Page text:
On that note, from an analytical perspective, it would be fruitful to compare the experience of the Pink Tide regimes with that of recent Alberta and British Columbia NDP provincial governments. True, neither provincial government espoused anything resembling resource nationalism, nor were they as ambitious from a transformational perspective as the Pink Tide governments. However, insights could be gained into the nature of those provincial governments if they were put into dialogue with the experiences of the Pink Tide states described in this book. Moreover, beyond the experience of those Canadian examples, the contradictions faced by Pink Tide governments are the same ones that any potential leftist or social democratic government would have to face in Canada. Notably, the need to balance the imperatives of finding material resources to fund social programs or, more ambitiously, to transition out of capitalism without further contributing to global warming or damaging relations with Indigenous peoples.
Analytically, the book succeeds in differentiating Pink Tide governments from their neoliberal contemporaries in several important policy areas. However, it is not entirely clear how to think of the book’s overall project from a political perspective. More could have been written on why the policy differences between Pink Tide and neoliberal governments matter politically or why it is so important to add nuance to or reject the neo-extractivist position. For example, at the heart of the neo-extractivist critique of Pink Tide governments is that they largely accommodated themselves with global capitalism. In view of this, what does pointing to policy differences between Pink Tide and neoliberal governments mean in relation to global capitalism and the desire to challenge it?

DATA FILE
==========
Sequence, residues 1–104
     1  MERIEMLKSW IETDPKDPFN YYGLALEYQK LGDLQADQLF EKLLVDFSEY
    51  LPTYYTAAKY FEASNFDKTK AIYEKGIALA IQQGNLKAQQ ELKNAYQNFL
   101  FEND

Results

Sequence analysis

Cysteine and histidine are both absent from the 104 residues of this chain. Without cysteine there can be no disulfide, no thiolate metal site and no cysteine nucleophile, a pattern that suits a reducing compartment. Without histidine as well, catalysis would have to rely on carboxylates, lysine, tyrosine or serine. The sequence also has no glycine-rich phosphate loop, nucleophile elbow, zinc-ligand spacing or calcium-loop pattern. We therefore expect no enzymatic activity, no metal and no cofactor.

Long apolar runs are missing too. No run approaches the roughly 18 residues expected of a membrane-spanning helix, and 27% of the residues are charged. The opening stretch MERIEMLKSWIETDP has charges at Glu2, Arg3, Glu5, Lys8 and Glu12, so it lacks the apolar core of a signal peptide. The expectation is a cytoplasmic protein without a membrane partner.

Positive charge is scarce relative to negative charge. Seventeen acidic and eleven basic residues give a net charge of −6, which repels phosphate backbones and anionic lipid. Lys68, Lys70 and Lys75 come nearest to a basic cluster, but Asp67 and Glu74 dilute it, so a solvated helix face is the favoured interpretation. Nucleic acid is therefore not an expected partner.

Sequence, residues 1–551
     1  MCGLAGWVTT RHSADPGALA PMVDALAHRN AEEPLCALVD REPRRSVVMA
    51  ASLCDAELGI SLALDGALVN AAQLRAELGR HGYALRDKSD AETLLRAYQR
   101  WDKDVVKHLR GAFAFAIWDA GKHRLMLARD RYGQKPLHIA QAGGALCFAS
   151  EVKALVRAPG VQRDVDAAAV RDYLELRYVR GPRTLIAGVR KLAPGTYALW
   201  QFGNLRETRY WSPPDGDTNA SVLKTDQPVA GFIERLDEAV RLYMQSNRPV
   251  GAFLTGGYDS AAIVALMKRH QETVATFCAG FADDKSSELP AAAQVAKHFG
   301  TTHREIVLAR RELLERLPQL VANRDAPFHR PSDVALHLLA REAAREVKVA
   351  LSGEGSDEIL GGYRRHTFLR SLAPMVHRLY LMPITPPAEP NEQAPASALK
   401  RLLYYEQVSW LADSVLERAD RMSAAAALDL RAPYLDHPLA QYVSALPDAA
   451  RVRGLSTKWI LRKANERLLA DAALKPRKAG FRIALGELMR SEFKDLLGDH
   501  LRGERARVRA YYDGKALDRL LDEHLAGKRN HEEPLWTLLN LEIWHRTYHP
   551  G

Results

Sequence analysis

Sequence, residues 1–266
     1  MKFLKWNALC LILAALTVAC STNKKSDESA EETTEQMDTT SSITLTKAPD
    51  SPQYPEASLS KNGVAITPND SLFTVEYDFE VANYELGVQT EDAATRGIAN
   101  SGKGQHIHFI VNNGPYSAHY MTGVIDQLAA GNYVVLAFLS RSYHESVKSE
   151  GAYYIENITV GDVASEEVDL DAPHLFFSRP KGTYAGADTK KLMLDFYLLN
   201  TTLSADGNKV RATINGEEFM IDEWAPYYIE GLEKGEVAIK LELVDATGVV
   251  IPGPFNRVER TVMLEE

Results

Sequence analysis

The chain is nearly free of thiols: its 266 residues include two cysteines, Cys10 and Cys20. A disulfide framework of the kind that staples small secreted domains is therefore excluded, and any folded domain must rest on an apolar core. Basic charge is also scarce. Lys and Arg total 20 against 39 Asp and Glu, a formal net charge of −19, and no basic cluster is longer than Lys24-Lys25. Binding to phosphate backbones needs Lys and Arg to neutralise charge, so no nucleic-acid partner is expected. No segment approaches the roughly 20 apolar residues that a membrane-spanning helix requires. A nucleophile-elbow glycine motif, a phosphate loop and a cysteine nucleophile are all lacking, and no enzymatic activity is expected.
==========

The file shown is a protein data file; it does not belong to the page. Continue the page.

That said, perhaps the strongest argument articulated in the book is that policy choices are never made in a vacuum; that opposition articulated in the political and economic arenas constrain and shape the policy options available to left-wing governments. Though this argument is brought up by Ellner in the book’s introduction, more frequent and detailed accounts of how oppositional social forces shaped the policies of Pink Tide governments in key conjunctures throughout the book’s different chapters would have been helpful for readers seeking to draw political lessons from Latin America’s experience these last two decades.
In the end, however, this book provides much food for thought for anyone who wants to think through the challenges of governing from the left in an age of globalized capitalism and climate change.
Marcel Nelson teaches political science in Ontario’s college system. He is a steward in his union local and his research interests include regional integration and the experience of left governments in Latin America.